– Should I go ahead with clindamycin IV treatments at the AP doc next week? does 5 days in a row seem normal? was 300mg a day the proper dose? I read something about clindamycin treatments making the bacteria resistant and possibly ruining the efficacy of antibiotic treatment. Does anyone know more about this?
    – I want to stop the diclofenac because im worried about my stomach but if the inflammation flares up again what should I take thats easier on my stomach? Should I ask my rheumatologist about plaquenil?
    – When cutting sugar in the diet, does this include avoiding fruit? What about breads?
    – What blood work, if any, should I have done at my first rheumatologist appointment? All my blood work my primary has run has come back “negative” (anti-scl-70, anti-nuclear AB, anti-centromere antibody) with the exception of the anti-smooth muscle ab which was ASMA positive and ASMA titer 1:20. I dont even know what positive results of this test mean…

    Im very scared right now and using this website as my main source of support and education. I hope I hear from you soon.

    #460473
    richie
    Participant

    One of the earlier markers for SD is a nail fold capillary test –very easy to administer –by the way I find telangecestasias on lips to be very unusual –how can you possible see them ???-Clindy ivs are a very good idea FOLLOWED up by 200 mg daily of minocycline –the daily dose is the gold standard for scleroderma —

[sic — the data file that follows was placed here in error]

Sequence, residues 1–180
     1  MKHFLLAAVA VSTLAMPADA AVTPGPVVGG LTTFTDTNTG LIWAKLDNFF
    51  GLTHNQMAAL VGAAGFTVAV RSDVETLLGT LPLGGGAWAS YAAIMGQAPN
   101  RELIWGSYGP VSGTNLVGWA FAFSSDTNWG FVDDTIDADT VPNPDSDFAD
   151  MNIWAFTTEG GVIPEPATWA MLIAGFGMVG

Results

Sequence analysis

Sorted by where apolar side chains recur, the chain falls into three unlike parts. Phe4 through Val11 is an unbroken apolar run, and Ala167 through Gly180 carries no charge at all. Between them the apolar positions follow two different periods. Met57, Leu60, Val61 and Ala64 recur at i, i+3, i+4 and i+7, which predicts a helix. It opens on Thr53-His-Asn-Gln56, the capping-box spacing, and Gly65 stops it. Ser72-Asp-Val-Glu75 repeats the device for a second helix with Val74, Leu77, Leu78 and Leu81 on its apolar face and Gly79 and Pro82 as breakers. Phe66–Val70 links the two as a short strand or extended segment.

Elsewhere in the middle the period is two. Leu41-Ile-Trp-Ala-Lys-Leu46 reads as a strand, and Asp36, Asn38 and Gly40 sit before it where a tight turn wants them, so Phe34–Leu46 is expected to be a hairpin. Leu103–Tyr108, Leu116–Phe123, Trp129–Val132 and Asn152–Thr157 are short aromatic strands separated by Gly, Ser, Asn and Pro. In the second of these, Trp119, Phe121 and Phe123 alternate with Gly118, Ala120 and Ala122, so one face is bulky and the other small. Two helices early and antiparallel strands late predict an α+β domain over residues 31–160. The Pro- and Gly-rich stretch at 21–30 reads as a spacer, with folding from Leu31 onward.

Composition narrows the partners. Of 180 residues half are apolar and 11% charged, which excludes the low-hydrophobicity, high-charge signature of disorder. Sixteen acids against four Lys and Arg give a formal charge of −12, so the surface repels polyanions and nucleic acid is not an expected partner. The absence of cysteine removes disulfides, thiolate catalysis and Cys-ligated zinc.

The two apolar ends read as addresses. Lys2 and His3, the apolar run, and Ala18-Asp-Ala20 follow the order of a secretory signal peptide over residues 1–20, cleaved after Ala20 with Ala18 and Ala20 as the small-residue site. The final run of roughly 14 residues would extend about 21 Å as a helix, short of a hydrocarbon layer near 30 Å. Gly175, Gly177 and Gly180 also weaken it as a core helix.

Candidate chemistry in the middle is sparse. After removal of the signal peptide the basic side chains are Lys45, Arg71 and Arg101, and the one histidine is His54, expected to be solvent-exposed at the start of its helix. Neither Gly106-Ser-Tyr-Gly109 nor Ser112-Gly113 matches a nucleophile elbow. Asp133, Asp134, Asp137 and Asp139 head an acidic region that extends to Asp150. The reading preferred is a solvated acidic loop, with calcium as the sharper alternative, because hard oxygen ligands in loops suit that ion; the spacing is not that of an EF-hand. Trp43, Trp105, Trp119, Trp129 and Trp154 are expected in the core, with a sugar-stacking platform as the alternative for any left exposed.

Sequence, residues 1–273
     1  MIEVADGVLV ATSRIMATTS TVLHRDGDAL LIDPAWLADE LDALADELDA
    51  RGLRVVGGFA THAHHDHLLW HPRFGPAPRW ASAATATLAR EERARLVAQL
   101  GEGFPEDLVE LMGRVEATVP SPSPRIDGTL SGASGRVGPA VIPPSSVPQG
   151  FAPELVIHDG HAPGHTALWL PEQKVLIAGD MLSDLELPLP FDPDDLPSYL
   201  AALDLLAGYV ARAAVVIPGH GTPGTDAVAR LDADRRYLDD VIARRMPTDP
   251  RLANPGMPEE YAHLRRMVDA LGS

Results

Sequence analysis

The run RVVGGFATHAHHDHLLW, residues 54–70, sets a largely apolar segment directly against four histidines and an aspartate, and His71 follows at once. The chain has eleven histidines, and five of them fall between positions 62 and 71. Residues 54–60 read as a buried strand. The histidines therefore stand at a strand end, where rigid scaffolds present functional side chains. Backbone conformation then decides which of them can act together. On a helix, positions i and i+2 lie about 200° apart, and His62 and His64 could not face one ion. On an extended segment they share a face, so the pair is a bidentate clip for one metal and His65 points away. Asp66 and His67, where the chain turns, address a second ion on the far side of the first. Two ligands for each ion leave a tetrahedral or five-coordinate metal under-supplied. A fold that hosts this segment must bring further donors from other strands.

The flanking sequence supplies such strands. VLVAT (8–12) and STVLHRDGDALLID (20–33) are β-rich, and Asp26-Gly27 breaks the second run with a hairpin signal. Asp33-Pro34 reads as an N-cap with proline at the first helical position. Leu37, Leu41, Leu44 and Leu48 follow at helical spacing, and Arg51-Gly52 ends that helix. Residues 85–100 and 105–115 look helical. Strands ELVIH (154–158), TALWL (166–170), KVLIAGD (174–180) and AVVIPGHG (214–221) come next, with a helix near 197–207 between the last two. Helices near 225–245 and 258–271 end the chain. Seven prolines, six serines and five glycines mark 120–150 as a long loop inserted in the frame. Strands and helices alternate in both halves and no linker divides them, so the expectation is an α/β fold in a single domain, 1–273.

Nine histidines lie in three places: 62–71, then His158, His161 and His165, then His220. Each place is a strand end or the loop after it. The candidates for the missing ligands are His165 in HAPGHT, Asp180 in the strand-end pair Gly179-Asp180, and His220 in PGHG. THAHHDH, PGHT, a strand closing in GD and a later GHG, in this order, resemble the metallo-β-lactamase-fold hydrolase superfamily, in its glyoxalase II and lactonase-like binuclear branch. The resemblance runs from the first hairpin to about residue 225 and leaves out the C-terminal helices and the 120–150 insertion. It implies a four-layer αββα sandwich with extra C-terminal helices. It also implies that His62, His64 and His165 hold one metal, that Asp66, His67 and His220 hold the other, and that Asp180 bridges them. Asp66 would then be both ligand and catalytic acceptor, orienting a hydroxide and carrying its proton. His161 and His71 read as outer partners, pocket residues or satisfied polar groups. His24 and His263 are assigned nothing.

#460474
    Lynne G.SD
    Participant

    I certainly would have an Igenex test done as others are not very good.Lyme can really mimic SD.Look at this
    Somewhere in my mess of files I have info on it.Will check it out and then post it here.

    #460475
    PhilC
    Participant

    I wouldn’t say that Lyme Disease can mimic scleroderma. That’s the kind of thing a doctor who doesn’t believe that scleroderma is caused by an infection would say. A better way to look at it, I think, is to see scleroderma as (very probably) a possible manifestation of certain kinds of infections, with Lyme Disease being one of them. Some other possible manifestations are ALS, dermatomyositis, and rheumatoid arthritis (not an exhaustive list). Environmental and genetic factors probably play a role in determining which manifestation(s) a particular infected person ends up with.

    Phil

    "Unthinking respect for authority is the greatest enemy of truth."
    - Albert Einstein

    #460478
    PhilC
    Participant

    Hi,

    3 days ago he prescribed me minocycline 100mg 2x daily on MWF. But I had read here that for SD, 100mg 2x daily non-pulsed was more effective. So im a bit confused.

    He may have started you on a lower dose because of your inflammation.

    Should I go ahead with clindamycin IV treatments at the AP doc next week?

    Because of your inflammation, it might be prudent to wait. If you try to kill the bacteria too quickly, your inflammation might go “through the roof”.